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Young Women's Christian Association (YWCA) of Hampton Roads Records

Collection ID: MG 76

Scope and Contents

This collection contains the records of the Young Women's Christian Association (YWCA) of Hampton Roads. Included in the records are the administrative records of the organization, publications, photographs, scrapbooks, artifacts, and blueprints of various property held by the organization.


  • circa 1906-2017, undated
  • Other: Majority of material found within 1960-1990
  • Other: Date acquired: 08/30/2000



45.20 Linear Feet

Conditions Governing Access

Open to researchers without restrictions.

Conditions Governing Use

Before publishing quotations or excerpts from any materials, permission must be obtained from Special Collections and University Archives, and the holder of the copyright, if not Old Dominion University Libraries.

Biographical or Historical Information

The YWCA (Young Women's Christian Association) is the oldest and largest women's membership association. It began in London in 1855, and first came to the U.S. in 1858. Although similar in name, the YWCA has no affiliation with the YMCA. The YWCA was an independent movement that arose out of Women's church groups as a way of making life better for other women. These first YWCA's provided boarding houses, skills training, recreation, and a social environment for single, working women. After World War II, the YWCA's emphasis shifted to the family: mother and children. In 1946, the YWCA adopted an Interracial Charter. Its purpose became the empowerment of women and the elimination of racism. The YWCA of South Hampton Roads started as housing for working girls in 1893. In 1908, the Phyllis Wheatley Branch of the YWCA of Norfolk began as an association of African American Women. The branch was named after a black woman poet who lived during the time of the Revolutionary War. Another YWCA started in Norfolk in 1911. This chapter had a residence for single women, and offered classes in cooking, stenography, Bible studies, typing, and gymnastics. It also had a cafeteria and a reading room. In 1925, the two branches came together. Then, in the 1950s a Virginia Beach branch was created. Over the years, many splits and mergers have occurred in the YWCA's of Hampton Roads. Throughout their history, the YWCA chapters of Hampton Roads have created many institutions in the community. Camp Owaissa, Camp E.W. Young, and various day camps have provided summer recreation for young girls. The Norfolk YWCA ran a cafeteria on West Freemason for many years. The YWCA has hosted women's shelters including the Phyllis Wheatley House, the Wilkshaw, and undisclosed battered women's shelters. Other YWCA programs have included the Winners Dinners, now known as the Women of Distinction Award, where women of achievement have been recognized, Y-Prep and Y-Teens for young and adolescent girls, Black History Month, the Women in Crisis Program for victims of domestic violence, the Women in Transition Program to help economically disadvantaged women find employment or gain job skills, and Ladies Day Out workshops and fashion shows. In addition to these, the YWCA of Hampton Roads has held and continues to hold a wide variety of programs for women of all ages and backgrounds. They offer classes, workshops, and training; fashion and talent shows; retreats; conventions; political events, achievement and award dinners, services and shelter for battered and abused women and children; and a variety of youth programs.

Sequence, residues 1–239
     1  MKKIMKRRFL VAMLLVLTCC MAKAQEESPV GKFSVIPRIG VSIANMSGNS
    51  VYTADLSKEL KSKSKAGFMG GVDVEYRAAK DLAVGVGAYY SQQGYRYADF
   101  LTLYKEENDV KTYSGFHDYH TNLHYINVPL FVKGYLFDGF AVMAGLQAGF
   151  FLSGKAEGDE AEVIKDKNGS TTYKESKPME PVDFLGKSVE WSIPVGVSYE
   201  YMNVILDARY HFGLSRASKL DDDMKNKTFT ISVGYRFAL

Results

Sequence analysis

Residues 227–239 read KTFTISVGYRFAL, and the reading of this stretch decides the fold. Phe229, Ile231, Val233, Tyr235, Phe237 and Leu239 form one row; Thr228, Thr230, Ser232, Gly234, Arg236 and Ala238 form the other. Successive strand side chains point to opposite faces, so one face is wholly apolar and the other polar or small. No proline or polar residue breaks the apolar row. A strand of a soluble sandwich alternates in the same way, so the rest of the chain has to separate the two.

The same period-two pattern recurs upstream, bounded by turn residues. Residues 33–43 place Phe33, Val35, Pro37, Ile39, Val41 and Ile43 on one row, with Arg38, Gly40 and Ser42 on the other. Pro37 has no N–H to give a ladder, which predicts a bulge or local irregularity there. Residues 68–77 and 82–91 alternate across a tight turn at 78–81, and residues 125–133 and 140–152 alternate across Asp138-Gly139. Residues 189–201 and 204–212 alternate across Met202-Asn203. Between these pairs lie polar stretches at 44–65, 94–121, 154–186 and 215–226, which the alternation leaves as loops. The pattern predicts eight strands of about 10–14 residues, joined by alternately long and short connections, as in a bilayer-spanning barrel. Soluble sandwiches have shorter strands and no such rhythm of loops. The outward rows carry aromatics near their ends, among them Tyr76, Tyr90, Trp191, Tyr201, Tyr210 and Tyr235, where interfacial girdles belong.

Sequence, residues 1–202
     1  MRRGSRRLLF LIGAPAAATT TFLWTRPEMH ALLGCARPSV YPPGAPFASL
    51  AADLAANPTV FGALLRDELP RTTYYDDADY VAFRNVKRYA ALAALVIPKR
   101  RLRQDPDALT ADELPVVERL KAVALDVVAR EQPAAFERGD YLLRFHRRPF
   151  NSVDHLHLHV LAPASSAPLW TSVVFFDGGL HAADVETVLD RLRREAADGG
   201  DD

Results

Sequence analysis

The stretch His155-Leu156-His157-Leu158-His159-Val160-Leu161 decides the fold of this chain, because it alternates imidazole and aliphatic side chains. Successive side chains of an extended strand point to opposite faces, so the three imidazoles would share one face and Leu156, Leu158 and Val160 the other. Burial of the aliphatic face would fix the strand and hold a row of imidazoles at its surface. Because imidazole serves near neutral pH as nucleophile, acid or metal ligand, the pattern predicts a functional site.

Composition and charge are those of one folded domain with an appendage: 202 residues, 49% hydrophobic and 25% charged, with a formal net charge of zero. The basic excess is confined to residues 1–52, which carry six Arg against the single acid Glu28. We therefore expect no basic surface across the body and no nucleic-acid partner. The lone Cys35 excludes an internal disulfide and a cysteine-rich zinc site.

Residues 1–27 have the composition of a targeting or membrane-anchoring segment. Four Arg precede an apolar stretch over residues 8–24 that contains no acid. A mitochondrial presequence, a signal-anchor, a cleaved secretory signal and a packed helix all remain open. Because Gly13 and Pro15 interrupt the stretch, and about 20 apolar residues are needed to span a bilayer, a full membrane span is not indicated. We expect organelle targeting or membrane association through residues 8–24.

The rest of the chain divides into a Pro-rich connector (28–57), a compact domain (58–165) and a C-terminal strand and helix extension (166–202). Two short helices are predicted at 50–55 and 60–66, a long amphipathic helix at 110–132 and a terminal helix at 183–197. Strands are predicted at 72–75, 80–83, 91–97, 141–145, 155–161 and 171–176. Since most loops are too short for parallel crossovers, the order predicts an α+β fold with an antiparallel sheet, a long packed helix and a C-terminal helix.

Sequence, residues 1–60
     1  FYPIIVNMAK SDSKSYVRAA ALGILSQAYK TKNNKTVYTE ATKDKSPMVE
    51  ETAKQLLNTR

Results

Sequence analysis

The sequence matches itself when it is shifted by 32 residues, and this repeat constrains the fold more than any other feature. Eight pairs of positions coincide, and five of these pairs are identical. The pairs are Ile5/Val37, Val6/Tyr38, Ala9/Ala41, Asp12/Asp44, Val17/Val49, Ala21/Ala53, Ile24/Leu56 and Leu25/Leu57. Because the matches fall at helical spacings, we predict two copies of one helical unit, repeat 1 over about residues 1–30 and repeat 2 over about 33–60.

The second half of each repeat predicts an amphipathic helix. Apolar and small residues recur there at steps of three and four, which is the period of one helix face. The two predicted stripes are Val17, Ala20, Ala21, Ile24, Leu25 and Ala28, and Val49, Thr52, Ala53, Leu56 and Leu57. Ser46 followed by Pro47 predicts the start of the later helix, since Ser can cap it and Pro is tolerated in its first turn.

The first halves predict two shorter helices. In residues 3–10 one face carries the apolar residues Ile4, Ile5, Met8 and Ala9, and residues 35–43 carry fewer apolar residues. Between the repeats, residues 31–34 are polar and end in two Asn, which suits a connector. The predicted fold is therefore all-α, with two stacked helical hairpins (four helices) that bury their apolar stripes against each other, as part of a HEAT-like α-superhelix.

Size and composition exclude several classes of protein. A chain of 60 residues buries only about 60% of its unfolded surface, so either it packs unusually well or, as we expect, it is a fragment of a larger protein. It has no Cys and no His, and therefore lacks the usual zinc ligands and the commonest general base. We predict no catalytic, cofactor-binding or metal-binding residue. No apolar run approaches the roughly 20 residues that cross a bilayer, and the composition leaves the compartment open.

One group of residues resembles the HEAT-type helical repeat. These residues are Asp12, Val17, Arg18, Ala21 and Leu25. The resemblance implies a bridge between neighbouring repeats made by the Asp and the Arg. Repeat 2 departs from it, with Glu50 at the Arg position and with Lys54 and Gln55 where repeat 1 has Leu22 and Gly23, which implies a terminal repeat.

Note written by Special Collections Staff

Language of Materials



The YWCA (Young Women’s Christian Association) is the oldest and largest women’s membership organization. The YWCA of South Hampton Roads first started as housing for working girls in 1893. Throughout their history, the YWCA chapters of Hampton Roads have advanced their purposes of empowering women and fighting racism by running women’s shelters, camps, workshops, and various other programs. The collection consists mainly of photos, scrapbooks, and newspaper clippings, as well as some business and historical records of the organization.

Arrangement Note

This collection is broken down into groups based on when they were given to Special Collections and University Archives: Record Group 1: First Accession; and Record Group 2: Second Accession. Each record group is further organized into series within each record group.

Physical Access Requirements

Handling of the scrapbooks may be limited due to the fragile nature of the material.

Source of Acquisition

YWCA of Hampton Roads

Method of Acquisition

Gift. Accession #A2000-7

Accruals and Additions

The second accession was received by Special Collections and University Archives from Regina Malveaux, on behalf of the YWCA of Hampton Roads, on 03/30/2010.

Related Materials

Ocean View, Seaside and Seaview Amusement Park Collection (MG 31) and Virginia Beach Resorts Research Collection (RC 2) contains information about Seaview, the African American resort at the Virginia Beach oceanfront. YWCA material can also be found in the Women's Council for Interracial Cooperation Papers (MG 54).

Current information about the YWCA of South Hampton Roads can be found on their website.

Processing Information

The first accession was processed between 2000 and 2010. The second accession was processed by Mona Farrow, Reading Room Supervisor, in 2017.

A Guide to the Young Women's Christian Association (YWCA) of Hampton Roads Records
Special Collections Staff
Description rules
Describing Archives: A Content Standard
Language of description
Script of description
Language of description note
Finding aid written in English.

Revision Statements

  • 09099999: Finding aid was updated by Mona Farrow, Reading Room Supervisor, in June 2017.

Repository Details

Part of the ODU Community Collections Repository

3000 Perry Library
4427 Hampton Blvd.
Norfolk VA 23529 US